"co-pilot" is a better term than "autopilot"
Ford’s Electric SUV Will Be Able to Drive Itself (Sort Of)
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The new Ford Mustang Mach-E is set to break all kinds of barriers for the Blue Oval when it goes on sale later this year. It will, of course, be Ford’s first real electric car worth a damn (no, the Focus Electric doesn’t count), but it’ll also be the first Ford that isn’t a coupe or convertible to wear the iconic Mustang badge. And as it turns out, it’ll break ground for another reason: the Mustang Mach-E will be the first Ford capable of driving itself.*
Yes, there’s an asterisk there. See, the Mustang Mach-E will be the first Blue Oval product to feature Ford Co-Pilot360 technology with Active Driving Assist — a suite of advanced driver assistance systems (a.k.a. ADAS) that give cars greater authority and capability to prevent accidents than previous FoMoCo systems. The Active Driving Assist, in particular, is of note: by combining lane centering, adaptive cruise control and a driver-facing infrared camera, it enables the Mach-E to cruise along without the driver’s hands on the wheel or feet on the pedals on more than 100,000 miles of divided highway in the U.S. and Canada.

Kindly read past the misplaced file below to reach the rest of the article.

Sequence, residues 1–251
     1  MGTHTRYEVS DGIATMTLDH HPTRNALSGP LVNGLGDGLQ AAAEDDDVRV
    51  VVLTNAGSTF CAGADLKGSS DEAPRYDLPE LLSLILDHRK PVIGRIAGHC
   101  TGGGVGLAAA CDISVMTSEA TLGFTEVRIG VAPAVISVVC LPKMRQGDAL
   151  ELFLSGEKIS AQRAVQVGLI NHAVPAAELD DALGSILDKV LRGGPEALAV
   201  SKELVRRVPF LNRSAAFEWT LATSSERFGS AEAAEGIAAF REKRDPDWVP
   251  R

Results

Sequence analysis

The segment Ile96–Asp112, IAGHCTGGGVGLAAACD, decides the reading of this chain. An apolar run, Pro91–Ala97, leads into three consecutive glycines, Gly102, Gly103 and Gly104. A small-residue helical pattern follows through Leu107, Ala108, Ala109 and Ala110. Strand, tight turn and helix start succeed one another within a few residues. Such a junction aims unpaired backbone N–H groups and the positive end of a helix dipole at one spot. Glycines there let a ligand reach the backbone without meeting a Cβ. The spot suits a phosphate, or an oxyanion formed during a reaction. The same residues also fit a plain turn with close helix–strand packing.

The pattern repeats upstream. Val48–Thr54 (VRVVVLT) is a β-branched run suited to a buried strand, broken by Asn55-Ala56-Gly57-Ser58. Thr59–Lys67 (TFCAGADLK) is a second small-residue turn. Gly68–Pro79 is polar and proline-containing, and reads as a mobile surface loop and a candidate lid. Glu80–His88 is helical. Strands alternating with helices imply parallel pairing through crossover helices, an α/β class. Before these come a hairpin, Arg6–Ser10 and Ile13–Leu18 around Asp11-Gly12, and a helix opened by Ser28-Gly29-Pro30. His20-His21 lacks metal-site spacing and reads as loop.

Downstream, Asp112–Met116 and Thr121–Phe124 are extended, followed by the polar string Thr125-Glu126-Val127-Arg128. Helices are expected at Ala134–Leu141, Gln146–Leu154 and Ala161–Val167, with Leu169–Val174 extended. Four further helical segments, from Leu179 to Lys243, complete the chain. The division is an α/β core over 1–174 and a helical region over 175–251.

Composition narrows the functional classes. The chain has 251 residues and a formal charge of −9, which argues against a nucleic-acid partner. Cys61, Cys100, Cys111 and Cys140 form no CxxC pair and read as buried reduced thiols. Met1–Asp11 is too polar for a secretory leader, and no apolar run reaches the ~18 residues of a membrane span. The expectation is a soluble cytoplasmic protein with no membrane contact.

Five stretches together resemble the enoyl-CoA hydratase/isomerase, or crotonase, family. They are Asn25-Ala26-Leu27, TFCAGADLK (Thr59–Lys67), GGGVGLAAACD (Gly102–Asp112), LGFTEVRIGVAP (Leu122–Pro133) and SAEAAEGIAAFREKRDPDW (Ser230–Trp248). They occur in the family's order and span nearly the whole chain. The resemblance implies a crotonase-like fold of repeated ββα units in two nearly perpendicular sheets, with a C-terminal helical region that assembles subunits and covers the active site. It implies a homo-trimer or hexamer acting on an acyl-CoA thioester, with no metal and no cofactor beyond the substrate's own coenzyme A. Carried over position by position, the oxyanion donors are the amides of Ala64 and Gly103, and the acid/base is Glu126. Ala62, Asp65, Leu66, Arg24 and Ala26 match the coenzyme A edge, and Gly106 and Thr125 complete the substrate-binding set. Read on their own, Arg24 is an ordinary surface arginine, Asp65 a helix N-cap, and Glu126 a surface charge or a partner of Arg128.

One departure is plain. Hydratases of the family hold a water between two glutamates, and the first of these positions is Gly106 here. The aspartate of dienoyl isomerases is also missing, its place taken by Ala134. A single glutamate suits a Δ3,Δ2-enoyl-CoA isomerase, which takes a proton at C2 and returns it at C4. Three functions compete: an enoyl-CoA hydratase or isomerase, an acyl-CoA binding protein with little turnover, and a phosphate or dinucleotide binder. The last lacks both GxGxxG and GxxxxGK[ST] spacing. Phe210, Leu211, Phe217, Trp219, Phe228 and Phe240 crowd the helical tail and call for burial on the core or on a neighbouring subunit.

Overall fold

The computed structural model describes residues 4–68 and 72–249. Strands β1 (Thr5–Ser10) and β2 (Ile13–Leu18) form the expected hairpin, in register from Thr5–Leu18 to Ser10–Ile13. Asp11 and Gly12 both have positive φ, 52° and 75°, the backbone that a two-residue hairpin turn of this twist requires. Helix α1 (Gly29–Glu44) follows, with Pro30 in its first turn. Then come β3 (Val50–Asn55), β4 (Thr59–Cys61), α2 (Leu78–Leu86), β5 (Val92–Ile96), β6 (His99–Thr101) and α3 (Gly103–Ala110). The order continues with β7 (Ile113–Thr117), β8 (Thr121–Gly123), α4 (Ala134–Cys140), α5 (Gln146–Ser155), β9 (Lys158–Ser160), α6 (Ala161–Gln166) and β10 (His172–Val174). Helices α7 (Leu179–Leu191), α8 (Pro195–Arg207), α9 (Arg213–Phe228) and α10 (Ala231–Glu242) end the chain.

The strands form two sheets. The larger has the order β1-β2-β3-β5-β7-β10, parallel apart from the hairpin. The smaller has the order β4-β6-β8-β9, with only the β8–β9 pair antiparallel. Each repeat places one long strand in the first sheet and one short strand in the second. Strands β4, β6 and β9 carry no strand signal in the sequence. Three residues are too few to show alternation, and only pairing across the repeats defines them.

If that sounds familiar, well, it should; it’s very similar to the capabilities of General Motors’ SuperCruise, which is currently only available in the Cadillac CT6 but is poised to spread across the carmaker’s portfolio in upcoming years. Like SuperCruise, it uses the internal infrared camera to monitor the driver’s gaze when the hands-free mode is enabled. The driver may not need their hands on the wheel, but their gaze needs to remain on the road at all times; if they get distracted (or worse), the car will warn you to take back control, even slowing the vehicle if need be.
In addition, Co-Pilot 360 also brings an automatic park function that can slide the car into both parallel and perpendicular spots at the touch of a button, an Intersection Assist function that looks for oncoming vehicles that could potentially T-bone you while turning left and brakes the car if needed. There’s also a new feature called Road Edge Detection, which can tell where a road turns into unpaved ground even when there aren’t painted lines to indicate the transition.
While the Mustang Mach-E will be the first Ford available with all these features, they won’t all be available at launch. While buyers will be able to opt for the hardware for Active Driving Assist when they buy their electric crossover, the software to implement it will be downloaded to their car “at a later date,” according to Ford. (That correlates to late 2021, according to The Verge.) And if that sounds familiar too, well, it should: that’s basically the same line Tesla takes with its Full Self-Driving option.
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